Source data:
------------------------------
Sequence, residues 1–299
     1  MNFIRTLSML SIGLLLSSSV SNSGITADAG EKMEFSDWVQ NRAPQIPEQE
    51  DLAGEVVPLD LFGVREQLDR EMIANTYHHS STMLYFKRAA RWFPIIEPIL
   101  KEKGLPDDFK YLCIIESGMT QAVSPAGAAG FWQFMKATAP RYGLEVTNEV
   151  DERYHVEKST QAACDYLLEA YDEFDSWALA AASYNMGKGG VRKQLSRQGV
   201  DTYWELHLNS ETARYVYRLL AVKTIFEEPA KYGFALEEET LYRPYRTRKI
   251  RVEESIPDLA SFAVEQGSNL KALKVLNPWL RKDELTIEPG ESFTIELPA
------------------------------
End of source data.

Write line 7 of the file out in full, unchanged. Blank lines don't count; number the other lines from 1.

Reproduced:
   251  RVEESIPDLA SFAVEQGSNL KALKVLNPWL RKDELTIEPG ESFTIELPA